HyperText Markup Language (HTML) is a simple markup system used to create hypertext documents that are portable from one platform to another. HTML documents are SGML documents with generic semantics that are appropriate for representing information from a wide range of applications. HTML markup can represent hypertext news, mail, documentation, and hypermedia; menus of options; database query results; simple structured documents with in-lined graphics; and hypertext views of existing bodies of information. HTML has been in use by the World-Wide Web (WWW) global information initiative since 1990. The HTML 3.0 specification provides a number of new features, and is broadly backwards compatible with HTML 2.0. It is defined as an application of International Standard ISO ISO8879:1986 Standard Generalized Markup Language (SGML). This specificiation will be proposed as the Internet Media Type (RFC 1590) and MIME Content Type (RFC 1521) called "text/html; version=3.0".
The Common Gateway Interface (CGI) is a standard for interfacing external applications with information servers, such as HTTP or Web servers. A plain HTML document that the Web daemon retrieves is static, which means it exists in a constant state: a text file that doesn't change. A CGI program, on the other hand, is executed in real-time, so that it can output dynamic information.
For example, let's say that you wanted to "hook up" your Unix database to the World Wide Web, to allow people from all over the world to query it. Basically, you need to create a CGI program that the Web daemon will execute to transmit information to the database engine, and receive the results back again and display them to the client. This is an example of a gateway, and this is where CGI, currently version 1.1, got its origins.
The database example is a simple idea, but most of the time rather difficult to implement. There really is no limit as to what you can hook up to the Web. The only thing you need to remember is that whatever your CGI program does, it should not take too long to process. Otherwise, the user will just be staring at their browser waiting for something to happen.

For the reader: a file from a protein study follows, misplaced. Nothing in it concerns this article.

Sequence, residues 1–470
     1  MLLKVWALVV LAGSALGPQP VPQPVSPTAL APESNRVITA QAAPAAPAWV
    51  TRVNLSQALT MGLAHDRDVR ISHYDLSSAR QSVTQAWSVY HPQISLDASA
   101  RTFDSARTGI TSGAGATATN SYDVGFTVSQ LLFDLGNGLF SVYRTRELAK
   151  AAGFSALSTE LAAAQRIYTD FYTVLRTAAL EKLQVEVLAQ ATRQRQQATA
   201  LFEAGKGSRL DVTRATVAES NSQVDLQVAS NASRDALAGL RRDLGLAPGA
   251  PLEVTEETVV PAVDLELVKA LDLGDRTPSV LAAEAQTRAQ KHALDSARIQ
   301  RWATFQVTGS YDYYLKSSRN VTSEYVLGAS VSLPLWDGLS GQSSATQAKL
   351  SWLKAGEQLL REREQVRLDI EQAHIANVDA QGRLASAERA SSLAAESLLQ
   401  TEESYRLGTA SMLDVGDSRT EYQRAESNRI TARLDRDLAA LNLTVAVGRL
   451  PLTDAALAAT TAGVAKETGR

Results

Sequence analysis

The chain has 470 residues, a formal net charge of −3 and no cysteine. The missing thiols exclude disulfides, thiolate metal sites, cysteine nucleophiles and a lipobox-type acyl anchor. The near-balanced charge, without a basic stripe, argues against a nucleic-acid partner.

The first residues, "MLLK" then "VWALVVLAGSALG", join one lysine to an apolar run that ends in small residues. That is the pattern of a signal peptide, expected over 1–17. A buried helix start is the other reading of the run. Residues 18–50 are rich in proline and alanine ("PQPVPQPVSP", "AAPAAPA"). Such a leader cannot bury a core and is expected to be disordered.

Perl is a "Practical Extraction and Report Language" freely available for Unix, MVS, VMS, MS/DOS, Macintosh, OS/2, Amiga, and other operating systems. Perl has powerful text-manipulation functions. It eclectically combines features and purposes of many command languages. Perl has enjoyed recent popularity for programming World Wide Web electronic forms and generally as glue and gateway between systems, databases, and users.
Java, Sun Microsystems object programming language for creating platform-independent objects that can be sent over the Internet and securely run on a user's machine. Java(tm) is a simple, object-oriented, distributed, interpreted, robust, secure, architecture-neutral, portable, high-performance, multithreaded, dynamic, buzzword-compliant, general-purpose programming language. Java supports programming for the Internet in the form of platform-independent Java applets.
VRML, the virtual reality mark-up language, lets users log into a shared space, walk and talk together using chat features and, most importantly, build.